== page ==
Inaugural Martinsburg air show deemed a success

September 29, 2005|by CANDICE BOSELY

MARTINSBURG, W.Va. - Nic Diehl knew he'd be looking upward a lot last weekend, but he became nervous Saturday morning when he saw the one thing he was dreading - clouds.

Thankfully, he said, the weather cooperated and the first Spirit of America Over Martinsburg Air Show was a success.

"It went very well," Diehl said Wednesday. "I was very pleased with the attendance, based on the weather and based on the fact that this was our first year."

Between 25,000 and 30,000 people attended the event Saturday and Sunday at Eastern West Virginia Regional Airport, he said.

The show featured 11 flying acts and 70 planes displayed on the ground, including a jumbo Air Force C-5 jet acquired at the last minute.


Air ahow organizers do not expect to know for a couple of weeks how much money was raised, but Diehl said plans are already being discussed to hold the show again next year.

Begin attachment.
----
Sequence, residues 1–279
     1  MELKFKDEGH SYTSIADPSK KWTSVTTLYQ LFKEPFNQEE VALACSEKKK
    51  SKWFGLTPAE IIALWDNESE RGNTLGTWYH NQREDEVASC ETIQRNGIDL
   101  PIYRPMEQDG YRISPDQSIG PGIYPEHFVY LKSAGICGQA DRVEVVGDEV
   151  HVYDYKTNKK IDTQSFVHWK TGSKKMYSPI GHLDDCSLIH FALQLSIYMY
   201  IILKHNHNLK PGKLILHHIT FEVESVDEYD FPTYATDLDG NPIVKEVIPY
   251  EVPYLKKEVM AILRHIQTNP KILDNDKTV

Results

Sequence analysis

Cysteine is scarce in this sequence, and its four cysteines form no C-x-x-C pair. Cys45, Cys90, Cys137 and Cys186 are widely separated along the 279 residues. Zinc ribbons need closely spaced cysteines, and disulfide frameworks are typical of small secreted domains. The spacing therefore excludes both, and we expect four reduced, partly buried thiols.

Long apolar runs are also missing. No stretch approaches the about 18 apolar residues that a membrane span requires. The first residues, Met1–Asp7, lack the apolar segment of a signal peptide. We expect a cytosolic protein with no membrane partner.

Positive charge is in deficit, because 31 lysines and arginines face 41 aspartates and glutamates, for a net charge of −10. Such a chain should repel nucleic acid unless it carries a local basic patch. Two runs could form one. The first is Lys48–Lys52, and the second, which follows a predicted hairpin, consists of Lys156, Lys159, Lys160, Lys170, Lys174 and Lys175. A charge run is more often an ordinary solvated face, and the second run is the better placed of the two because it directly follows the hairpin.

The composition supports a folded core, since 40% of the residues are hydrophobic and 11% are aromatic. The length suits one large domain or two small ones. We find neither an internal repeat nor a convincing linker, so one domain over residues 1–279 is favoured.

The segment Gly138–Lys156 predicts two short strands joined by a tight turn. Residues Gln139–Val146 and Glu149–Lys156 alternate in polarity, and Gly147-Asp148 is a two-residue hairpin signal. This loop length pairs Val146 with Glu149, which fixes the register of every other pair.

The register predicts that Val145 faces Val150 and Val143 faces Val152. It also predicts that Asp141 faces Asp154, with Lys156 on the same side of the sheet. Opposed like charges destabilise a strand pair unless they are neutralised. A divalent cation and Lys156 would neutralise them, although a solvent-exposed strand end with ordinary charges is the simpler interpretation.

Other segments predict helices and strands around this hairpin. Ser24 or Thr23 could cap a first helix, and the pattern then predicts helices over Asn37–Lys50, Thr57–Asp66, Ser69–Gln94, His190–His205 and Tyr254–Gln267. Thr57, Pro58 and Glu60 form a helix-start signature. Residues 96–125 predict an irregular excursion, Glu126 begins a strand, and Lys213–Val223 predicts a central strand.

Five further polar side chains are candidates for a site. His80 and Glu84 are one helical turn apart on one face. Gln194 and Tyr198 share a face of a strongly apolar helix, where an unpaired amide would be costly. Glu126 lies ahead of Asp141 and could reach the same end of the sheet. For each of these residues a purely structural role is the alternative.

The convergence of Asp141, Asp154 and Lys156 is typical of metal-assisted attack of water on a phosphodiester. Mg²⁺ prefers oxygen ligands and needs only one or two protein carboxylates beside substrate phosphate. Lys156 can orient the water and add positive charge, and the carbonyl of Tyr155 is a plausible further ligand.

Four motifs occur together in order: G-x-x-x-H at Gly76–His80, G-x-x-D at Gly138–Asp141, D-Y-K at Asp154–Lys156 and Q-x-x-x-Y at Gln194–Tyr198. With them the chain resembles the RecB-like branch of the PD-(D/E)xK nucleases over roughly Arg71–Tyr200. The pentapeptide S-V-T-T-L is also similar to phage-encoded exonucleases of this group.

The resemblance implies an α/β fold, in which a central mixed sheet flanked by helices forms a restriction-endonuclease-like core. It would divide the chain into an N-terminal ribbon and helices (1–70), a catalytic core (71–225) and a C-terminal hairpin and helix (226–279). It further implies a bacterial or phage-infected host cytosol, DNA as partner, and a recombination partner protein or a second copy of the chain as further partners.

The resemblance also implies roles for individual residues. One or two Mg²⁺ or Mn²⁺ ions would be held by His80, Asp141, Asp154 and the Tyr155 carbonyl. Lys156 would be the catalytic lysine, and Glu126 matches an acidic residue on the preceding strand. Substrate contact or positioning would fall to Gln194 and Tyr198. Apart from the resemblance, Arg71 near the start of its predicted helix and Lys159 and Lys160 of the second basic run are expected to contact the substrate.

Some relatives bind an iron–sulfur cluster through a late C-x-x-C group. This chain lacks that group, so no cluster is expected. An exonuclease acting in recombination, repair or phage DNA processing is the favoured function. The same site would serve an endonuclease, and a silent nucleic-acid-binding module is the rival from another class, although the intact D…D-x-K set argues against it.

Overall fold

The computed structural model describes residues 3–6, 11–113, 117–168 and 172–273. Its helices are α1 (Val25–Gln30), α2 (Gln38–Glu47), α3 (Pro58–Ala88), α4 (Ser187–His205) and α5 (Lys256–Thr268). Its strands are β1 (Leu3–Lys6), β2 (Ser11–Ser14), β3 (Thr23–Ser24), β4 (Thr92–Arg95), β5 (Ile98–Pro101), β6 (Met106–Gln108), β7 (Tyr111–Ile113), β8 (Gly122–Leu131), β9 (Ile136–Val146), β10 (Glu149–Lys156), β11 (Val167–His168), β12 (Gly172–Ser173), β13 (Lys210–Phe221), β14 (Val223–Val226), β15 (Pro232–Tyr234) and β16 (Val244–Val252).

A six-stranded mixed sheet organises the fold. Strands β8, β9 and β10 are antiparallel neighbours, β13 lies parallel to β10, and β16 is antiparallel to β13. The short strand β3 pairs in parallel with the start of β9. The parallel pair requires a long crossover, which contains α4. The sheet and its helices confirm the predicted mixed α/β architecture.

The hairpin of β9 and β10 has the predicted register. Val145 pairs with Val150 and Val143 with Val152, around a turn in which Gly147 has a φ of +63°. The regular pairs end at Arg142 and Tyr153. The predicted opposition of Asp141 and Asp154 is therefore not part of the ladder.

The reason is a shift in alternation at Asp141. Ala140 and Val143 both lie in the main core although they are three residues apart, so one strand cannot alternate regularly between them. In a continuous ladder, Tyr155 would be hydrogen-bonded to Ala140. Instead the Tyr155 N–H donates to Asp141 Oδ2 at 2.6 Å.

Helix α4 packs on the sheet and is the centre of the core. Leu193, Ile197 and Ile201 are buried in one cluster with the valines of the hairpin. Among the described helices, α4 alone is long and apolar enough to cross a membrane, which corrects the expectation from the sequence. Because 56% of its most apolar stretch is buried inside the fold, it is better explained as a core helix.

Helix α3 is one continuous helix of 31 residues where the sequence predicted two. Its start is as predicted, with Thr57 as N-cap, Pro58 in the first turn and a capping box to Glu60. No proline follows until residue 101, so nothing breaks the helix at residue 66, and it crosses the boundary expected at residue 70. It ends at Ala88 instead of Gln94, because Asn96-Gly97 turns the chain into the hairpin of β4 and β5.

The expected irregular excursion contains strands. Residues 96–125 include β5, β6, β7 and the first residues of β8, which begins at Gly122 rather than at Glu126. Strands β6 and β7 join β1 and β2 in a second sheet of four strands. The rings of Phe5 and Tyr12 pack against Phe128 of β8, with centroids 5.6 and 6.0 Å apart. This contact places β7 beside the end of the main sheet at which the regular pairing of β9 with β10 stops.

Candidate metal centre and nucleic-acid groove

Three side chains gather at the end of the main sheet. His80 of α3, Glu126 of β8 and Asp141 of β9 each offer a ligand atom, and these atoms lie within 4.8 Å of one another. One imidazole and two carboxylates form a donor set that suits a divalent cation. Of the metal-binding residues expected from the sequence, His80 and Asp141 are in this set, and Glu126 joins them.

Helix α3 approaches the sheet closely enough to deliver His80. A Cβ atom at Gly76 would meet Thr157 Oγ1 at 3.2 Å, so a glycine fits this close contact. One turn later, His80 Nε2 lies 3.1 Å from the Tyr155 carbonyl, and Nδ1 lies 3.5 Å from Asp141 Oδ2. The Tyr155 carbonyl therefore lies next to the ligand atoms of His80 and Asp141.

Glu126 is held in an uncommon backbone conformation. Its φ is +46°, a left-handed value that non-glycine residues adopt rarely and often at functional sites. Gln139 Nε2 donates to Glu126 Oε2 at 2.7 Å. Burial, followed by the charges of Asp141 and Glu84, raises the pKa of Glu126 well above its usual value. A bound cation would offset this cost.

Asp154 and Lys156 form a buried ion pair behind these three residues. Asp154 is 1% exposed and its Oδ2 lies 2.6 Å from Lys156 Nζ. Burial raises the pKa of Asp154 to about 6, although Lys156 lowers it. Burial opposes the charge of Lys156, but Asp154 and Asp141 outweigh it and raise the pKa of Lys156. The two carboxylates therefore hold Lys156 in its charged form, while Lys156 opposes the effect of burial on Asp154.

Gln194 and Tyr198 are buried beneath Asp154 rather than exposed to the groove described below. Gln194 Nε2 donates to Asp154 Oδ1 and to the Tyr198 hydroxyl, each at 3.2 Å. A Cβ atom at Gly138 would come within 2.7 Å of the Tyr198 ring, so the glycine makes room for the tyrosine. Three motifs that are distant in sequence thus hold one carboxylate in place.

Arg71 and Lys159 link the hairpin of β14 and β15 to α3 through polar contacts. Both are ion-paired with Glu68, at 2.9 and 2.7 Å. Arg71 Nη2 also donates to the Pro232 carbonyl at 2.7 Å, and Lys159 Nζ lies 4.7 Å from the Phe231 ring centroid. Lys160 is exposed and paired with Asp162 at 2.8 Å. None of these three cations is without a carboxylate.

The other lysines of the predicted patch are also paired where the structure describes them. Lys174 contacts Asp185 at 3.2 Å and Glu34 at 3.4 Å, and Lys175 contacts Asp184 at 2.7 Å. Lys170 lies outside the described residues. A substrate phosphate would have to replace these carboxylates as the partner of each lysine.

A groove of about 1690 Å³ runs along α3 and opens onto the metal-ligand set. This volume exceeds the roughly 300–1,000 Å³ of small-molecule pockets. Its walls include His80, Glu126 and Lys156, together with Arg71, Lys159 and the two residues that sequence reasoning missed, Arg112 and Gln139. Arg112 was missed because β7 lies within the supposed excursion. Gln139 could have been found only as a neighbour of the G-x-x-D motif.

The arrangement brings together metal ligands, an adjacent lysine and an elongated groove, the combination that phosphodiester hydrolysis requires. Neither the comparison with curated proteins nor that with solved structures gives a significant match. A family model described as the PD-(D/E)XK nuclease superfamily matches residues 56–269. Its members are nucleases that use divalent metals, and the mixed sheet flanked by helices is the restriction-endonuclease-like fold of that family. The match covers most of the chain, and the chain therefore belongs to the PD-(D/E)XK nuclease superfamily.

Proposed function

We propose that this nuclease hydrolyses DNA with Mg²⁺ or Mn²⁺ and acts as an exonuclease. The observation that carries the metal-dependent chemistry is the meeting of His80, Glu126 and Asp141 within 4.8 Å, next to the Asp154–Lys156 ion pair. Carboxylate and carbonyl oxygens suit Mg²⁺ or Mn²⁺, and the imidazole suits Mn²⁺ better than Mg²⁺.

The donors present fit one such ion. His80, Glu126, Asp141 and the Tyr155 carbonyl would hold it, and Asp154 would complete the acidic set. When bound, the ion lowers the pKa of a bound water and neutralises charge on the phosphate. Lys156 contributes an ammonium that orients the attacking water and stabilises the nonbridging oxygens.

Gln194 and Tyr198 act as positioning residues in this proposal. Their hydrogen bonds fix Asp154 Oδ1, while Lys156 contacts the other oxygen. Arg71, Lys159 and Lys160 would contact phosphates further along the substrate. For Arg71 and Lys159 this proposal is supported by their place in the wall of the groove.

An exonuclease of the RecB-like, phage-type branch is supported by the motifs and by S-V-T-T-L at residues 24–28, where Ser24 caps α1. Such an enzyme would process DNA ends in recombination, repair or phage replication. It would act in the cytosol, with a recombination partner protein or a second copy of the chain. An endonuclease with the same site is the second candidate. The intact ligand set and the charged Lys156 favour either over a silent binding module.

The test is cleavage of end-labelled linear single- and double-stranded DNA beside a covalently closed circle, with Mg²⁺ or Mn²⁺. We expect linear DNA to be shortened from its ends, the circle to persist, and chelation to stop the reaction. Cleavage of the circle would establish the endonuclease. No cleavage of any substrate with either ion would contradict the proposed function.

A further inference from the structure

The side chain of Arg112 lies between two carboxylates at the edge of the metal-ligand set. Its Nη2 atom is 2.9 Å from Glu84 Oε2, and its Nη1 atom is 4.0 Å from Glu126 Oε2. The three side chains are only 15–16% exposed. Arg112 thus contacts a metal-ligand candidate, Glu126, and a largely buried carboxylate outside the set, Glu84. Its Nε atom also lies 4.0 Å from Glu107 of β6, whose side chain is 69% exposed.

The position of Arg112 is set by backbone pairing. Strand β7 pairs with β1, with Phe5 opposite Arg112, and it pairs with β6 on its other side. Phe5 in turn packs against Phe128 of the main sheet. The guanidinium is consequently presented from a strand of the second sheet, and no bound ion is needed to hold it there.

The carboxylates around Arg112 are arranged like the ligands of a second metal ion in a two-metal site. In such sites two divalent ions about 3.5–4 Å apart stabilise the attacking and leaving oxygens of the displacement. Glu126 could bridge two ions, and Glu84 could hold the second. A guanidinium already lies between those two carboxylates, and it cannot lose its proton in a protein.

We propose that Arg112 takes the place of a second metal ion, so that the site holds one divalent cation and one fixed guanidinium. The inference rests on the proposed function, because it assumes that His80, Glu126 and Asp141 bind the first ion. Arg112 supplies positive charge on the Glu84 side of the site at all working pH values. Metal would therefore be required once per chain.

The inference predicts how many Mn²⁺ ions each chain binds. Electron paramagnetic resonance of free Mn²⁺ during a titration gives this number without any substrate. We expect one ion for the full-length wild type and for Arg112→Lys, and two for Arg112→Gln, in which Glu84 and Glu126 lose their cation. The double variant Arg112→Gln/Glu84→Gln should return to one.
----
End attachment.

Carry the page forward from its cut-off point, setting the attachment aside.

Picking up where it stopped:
Admission cost $10 in advance and $12 at the gate, with children younger than 12 admitted free. Parking cost $5.

"I think that we have made enough money to at least secure a couple of big acts for next year," Diehl said, adding that the acts he hopes to book require an early deposit.

Diehl reported seeing several touching moments during the show, including a father and son looking over a red Stinson plane used during World War II to detect submarines.

Diehl said he overheard the father saying that his grandfather fought in the war and was saved when a plane like the one on display spotted a submarine near his grandfather's ship.

On Sunday, a man piloting an F-16 was unable to fly because of a mechanical problem. After apologizing to the crowd, the pilot walked over to a boy in a wheelchair, removed a patch from his uniform and handed it to the boy, Diehl said.

Some changes will need to be made before next year's show, but Diehl said the aspects of the show that need tweaking likely were not noticed by the crowd. Programs were not distributed for several hours and air show organizers only remembered to sell T-shirts on the second day of the show. A vendor also lost power, Diehl said.

Air shows typically tend to become bigger over time, but Diehl hopes to temper such growth.

"There was just so much community there, it was just amazing," he said. "My mission is to keep it a community event."

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